Too often, conversations about digital portfolios center on the tools: how to save, share, and publish student work. Mastering the technical component of digital portfolios is critical, and students do need an opportunity to showcase their work to a broader audience. However, when we let the process of curate > reflect > publish serve as the sole focal point, digital portfolios become summative in nature and are viewed as an add-on at the end of a unit, project, or activity.
For digital portfolios to be truly valuable to both teachers and students, they need to provide insight into not only what students created, but also how and why. If the ultimate goal is to develop students as learners, then they need an opportunity for making connections to content as well as the overarching learning objectives.
Through the act of collecting learning artifacts and compiling them into portfolios, students should have an opportunity to reflect upon their experiences and see their own growth. In his book, Matt Renwick discusses the need for both progress and performance portfolios: By capturing student learning progress and performance in the moment, using digital tools, we can bring learning to life. (p.123)
Artists and writers often keep a portfolio to reflect upon their work. Leonardo DaVinci kept hundreds of notebooks documenting his thinking in notes, diagrams, and sketches. John Updike left behind thousands of documents illustrating how he rewrote paragraphs and solved technical challenges. In a similar manner, students could curate a body of work that represents their progress as well as their performance to show their thinking throughout their learning experiences.
In her high school science classes, Jodie Deinhammer has her students keep portfolios so that they have a place to share their learning as well as an opportunity to reflect on how class content directly pertains to their personal lives. (Here are a few examples.) These portfolios provide her with an opportunity to observe her students’ individual growth and how they make connections to previous content. Because reflection and documentation of progress have become part of the class learning culture, Jodie’s students recognize from the outset that they need to capture not only what they learn but also how. Her students’ reflections become a vehicle for formative assessment and deeper exploration. Jodie can see their comprehension and understanding as well as how they connect content to their personal lives and experiences.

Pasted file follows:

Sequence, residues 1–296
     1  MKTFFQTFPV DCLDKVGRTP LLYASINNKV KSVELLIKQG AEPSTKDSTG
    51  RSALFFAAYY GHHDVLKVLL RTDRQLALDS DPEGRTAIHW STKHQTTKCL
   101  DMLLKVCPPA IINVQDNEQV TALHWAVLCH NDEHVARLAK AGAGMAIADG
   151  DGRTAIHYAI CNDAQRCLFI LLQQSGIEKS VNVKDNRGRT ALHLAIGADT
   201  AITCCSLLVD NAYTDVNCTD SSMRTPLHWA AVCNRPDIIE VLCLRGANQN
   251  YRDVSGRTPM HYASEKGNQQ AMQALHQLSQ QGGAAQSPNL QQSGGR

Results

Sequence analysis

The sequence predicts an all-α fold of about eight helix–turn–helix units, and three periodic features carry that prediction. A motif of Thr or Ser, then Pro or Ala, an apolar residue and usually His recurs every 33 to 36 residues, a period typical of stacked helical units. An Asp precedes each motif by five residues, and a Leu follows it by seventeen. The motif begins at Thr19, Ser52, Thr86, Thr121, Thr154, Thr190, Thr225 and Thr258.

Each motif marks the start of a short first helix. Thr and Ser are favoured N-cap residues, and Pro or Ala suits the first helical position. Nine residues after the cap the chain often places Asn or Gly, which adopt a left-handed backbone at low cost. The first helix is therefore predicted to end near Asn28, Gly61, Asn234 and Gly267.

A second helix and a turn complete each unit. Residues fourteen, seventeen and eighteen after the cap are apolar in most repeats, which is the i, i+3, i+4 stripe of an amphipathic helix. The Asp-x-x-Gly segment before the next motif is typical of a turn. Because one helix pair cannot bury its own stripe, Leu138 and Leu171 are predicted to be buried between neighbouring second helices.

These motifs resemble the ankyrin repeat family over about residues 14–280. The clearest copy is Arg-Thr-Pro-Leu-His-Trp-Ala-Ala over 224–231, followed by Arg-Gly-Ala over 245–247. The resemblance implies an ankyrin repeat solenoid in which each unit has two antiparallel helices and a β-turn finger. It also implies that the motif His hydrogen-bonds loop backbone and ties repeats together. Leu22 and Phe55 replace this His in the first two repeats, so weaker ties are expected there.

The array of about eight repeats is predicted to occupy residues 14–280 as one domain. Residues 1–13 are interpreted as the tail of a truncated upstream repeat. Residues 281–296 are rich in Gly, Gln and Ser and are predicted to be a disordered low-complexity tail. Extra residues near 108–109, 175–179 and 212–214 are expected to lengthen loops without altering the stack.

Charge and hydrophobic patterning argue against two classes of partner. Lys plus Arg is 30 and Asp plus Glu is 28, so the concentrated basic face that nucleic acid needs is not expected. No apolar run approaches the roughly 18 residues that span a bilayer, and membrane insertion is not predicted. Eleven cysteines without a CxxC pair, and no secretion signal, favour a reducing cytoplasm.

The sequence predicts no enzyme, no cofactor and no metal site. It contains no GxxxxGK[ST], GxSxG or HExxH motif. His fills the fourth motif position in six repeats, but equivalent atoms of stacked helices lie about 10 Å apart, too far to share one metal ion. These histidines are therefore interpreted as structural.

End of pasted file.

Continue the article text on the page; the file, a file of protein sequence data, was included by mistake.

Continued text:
The question remains, though: How do we teach reflection? Paul Solarz, a fifth grade teacher in Illinois, recognizes that students need ongoing support and sees teaching reflection as a year-long endeavor that involves instruction and goal setting. He focuses on explaining larger concepts during lessons and then scaffolds the questions that he provides to his students and guides their thinking until they gain independence.
Too often, students struggle with reflection because they don’t understand what they were supposed to learn and why. However, what if students knew from the start of the school year that all of their work would be in support of two or three essential questions? Some examples are:
If students kept these concepts at the forefront of their thinking, imagine the impact as they document their progress and their learning.
At Trinity School in Atlanta, teachers and students have been working toward this outcome with their portfolios. The goal, as articulated by Early Elementary Division Head Rhonda Mitchell, is for students to:
. . . develop the practice of looking for connections between their experiences and their personal characteristics, beliefs, and interests (awareness categories); and capturing them as evidence that can be used in the ongoing development of their learning story.
The Trinity teachers are working through a number of essential questions to guide the pedagogy behind their students’ portfolios:
Jill Gough, Director of Teaching and Learning, describes in Facilitating Student Reflection how Trinity students, beginning as three-year-olds, document their learning with voice and images. By sixth grade, they can analyze and assess their learning and tell their story through a variety of media. At each grade level, students assume more responsibility for their portfolios and take greater ownership in their development as learners.
The students’ critical thinking and the utilization of the essential questions combine to create a more robust model of digital portfolio creation. Because the emphasis is not simply on publishing and sharing products, learning remains the central focus. As students reflect on each experience, they become more aware of the processes and strategies that make them successful, allowing them to learn from their successes as well as their challenges or failures.
Recently, I’ve found myself wracking my brain to remember concepts from grad school, college, and even high school. At some point, I had access to that knowledge, but now I have no way of retrieving it. Imagine if I had a digital portfolio — not just of my final products but also of my learning progress. As Rhonda Mitchell wrote, “The true power of the portfolio is in the revisiting.” As educators, our challenge is ensuring that students have an opportunity to engage in reflection such that they create a meaningful product to actually visit again and again.